The future of further education is raising concerns, especially in the south Wales valleys, a BBC Wales investigation has found.
It follows a decision by the assembly government to ask all local authorities to review post-16 education.
But measures that could see school sixth forms closed altogether in some areas has sparked an angry reaction.
The Eye on Wales programme, broadcast on Monday, found that in one case plans could face a lengthy legal fight.
It comes as protests took place last week by school pupils in Merthyr Tydfil as their council took the next step towards radically re-organising their education once they reach 16.
Their council is just one of a number across Wales proposing new colleges dedicated to delivering education and training after GCSE.
The move followed a request by the Welsh Assembly Government to ask all 22 local authorities to come forward with plans to deliver a wider variety of both traditional academic and more practical vocational courses from the age of 16 in a bid to increase student numbers.
According to David Egan, professor of education at Uwic, Cardiff, most councils are proposing improved collaboration between existing sixth forms and further education colleges.
But five councils, including Blaenau Gwent, Torfaen and Rhondda Cynon Taff, as well as Merthyr Tydfil, are looking at more far-reaching proposals.
"Clearly there are issues about demography in the Valleys which are considerable issues and are obviously such that it's understandable that radical solutions are now being looked at," said Prof Egan.
One such solution is on offer at The Works in Ebbw Vale, the massive 200-acre site that has been reclaimed for development following the closure of the town's steelworks in 2002.
Part of Blaenau Gwent council's vision for the site involves new primary and secondary schools for the town and a new, post-16 institution serving the whole of local authority.
"Everywhere in Wales we have a falling birth rate and we have lower numbers of young people in education. If we don't do something we're going to have schools that are in real problems with viability of their sixth forms," said Steve Bard, Blaenau Gwent's executive member for education.
"The exciting project we have now is a way of bringing students together.
"The larger the pool of students we have, the wider choice you can offer, the more courses will become financially and educationally viable.
"This is a real opportunity to have a larger unit in purpose-built facilities, really wide set of options to as many students as possible.
"We believe that we can provide a really strong education, real futures for the young people here in Blaenau Gwent."
But to achieve the council's vision the four sixth form departments in the borough would have to close.
The largest, with some 230 pupils, lies just a few miles from The Works at Brynmawr Foundation School.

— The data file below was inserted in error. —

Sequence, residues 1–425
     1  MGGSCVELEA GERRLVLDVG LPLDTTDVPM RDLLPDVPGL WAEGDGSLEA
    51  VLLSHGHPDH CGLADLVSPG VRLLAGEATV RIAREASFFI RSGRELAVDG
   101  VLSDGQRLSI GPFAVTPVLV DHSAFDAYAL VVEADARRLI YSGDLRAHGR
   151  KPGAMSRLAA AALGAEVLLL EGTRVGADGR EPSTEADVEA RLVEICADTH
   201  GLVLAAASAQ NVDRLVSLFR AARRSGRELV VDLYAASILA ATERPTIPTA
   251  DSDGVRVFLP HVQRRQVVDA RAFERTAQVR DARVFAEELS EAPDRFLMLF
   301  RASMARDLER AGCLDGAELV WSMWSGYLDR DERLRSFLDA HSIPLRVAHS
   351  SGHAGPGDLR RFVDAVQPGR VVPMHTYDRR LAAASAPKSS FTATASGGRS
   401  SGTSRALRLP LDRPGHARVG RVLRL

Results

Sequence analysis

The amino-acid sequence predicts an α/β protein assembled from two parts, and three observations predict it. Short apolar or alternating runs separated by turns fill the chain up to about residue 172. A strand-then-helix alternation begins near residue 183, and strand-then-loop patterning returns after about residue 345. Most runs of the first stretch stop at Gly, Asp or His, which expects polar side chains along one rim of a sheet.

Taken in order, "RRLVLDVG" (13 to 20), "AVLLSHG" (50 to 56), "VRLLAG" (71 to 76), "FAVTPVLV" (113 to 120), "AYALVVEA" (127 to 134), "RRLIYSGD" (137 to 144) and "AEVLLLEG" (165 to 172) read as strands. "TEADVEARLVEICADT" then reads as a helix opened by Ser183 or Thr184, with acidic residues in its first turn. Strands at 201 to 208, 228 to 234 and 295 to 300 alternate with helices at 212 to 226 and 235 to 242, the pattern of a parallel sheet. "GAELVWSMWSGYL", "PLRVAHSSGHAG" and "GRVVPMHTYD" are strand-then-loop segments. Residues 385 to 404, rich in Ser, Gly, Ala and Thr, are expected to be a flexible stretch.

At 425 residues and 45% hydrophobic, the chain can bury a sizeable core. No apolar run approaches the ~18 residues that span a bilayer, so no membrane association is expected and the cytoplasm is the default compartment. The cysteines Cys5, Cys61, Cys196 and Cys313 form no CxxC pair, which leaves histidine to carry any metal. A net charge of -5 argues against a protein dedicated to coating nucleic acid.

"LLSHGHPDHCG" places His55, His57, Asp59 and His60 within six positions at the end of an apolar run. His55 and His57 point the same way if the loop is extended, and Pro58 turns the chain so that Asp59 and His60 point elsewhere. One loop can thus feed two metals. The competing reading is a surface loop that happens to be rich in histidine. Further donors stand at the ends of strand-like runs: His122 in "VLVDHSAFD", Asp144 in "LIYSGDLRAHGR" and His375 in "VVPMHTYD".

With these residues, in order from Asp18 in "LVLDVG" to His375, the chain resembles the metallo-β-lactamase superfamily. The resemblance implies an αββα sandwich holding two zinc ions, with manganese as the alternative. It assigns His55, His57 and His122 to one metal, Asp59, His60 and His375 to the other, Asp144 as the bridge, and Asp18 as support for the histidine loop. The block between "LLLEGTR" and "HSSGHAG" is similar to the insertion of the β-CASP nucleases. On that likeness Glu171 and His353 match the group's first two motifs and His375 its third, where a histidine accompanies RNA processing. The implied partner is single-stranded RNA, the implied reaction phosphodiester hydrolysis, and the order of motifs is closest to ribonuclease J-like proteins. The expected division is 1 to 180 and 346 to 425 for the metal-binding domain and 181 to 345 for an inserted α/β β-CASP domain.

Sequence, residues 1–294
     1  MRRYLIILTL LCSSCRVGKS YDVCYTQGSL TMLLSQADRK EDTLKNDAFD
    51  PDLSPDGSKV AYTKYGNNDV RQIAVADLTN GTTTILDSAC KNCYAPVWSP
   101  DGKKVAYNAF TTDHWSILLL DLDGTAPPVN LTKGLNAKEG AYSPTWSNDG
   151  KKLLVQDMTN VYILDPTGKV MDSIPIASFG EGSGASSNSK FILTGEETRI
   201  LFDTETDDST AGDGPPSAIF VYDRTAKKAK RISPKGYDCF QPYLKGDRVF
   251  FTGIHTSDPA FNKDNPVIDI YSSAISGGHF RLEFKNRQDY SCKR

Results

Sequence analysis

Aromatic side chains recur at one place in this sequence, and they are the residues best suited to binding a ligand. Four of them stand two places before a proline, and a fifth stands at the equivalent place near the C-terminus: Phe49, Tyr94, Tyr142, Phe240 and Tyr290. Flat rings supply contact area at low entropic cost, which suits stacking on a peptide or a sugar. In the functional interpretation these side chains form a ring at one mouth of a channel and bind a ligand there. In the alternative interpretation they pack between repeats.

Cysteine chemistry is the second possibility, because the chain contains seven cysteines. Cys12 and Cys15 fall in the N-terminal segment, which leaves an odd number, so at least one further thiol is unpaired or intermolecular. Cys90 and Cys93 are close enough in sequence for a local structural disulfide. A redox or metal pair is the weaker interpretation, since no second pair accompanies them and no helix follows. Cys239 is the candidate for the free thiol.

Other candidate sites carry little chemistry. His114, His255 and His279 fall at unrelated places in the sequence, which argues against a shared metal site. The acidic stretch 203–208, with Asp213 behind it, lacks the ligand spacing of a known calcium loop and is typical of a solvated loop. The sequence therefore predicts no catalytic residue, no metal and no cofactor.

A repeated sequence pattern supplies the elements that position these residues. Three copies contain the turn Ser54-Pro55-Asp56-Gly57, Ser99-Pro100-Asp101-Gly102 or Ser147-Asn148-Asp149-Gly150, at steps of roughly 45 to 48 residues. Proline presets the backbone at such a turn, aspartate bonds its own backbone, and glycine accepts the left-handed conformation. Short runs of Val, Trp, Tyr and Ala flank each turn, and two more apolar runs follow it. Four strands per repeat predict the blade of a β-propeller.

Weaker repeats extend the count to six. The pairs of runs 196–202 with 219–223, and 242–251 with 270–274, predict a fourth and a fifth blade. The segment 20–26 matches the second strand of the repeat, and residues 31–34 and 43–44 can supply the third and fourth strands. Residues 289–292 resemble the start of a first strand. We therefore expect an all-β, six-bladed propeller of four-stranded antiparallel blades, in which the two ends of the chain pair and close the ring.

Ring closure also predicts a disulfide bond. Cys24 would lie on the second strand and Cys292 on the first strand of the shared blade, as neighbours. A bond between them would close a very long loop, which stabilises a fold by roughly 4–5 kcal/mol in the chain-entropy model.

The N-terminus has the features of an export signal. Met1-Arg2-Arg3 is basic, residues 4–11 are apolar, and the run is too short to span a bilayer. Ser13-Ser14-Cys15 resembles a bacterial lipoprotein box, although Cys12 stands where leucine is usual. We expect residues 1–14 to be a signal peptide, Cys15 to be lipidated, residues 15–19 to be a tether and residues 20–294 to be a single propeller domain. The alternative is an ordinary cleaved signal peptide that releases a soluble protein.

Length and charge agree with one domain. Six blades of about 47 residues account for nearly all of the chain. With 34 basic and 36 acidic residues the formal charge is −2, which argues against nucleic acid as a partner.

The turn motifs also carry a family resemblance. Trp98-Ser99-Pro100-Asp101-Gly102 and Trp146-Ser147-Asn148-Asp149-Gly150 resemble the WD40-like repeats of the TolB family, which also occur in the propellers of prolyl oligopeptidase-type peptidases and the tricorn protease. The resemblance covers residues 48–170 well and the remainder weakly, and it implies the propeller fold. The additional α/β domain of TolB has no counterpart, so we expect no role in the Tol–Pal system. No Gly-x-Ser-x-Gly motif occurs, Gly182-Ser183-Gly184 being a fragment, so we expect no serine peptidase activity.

Head teacher James Retallick told Eye on Wales that he views that prospect with some concern.
"If you were to ask any of the parents they would be very disappointed if this school lost its sixth form," he told the programme.
"Part of their choice is around the fact that we have a sixth form and they feel that there is a good continuum of education through from one of the school at Year Seven all the way up to when they leave the school in Year 13."
"That does form part of the school's character.
"For example we do operate a buddy scheme, a lot of our sixth formers are helpers in our youth club.
"That is the type of provision that would not be available in a further education setting."
Brynmawr's concern is that the current proposals are for the new institution to be run by the local FE provider, Coleg Gwent.
Brynmawr's answer is to run the enterprise itself or together with other local schools.
Blaenau Gwent is currently considering those ideas.
But what happens next could hinge on legal interpretations of Brynmawr's unusual status as a foundation school, which puts it outside of direct council control.
The chairman of Brynmawr's governors, Coun Lyn Elias believes that, as the law stands, the council and the assembly government do not have the powers to impose the closure of its sixth-form.
"Primary legislation at this moment in time has not been handed down to the Welsh assembly," he said.
"It would have to go through a process of an assembly measure or legislative competence order.
"We have taken advice from a top-class solicitor in education and a QC and at this moment of time we are on the right side of the law. It could possibly go to a judicial review."
"We're concerned about the standard of education that's going to be in the new building in Ebbw Vale and who provides that standard of education. We only want the best."
Blaenau Gwent council argues that its plans will provide the best for the most and that it does have the powers to realise its vision. It hopes to put out proposals for formal consultation in the coming weeks.
Eye on Wales is on BBC Radio Wales at 1830 GMT on Monday 25 January. You can listen on 93-104 FM, 657 & 882 MW or on digital satellite: Sky - 0117 or Freesat - 714, Freeview on 719 or cable 931.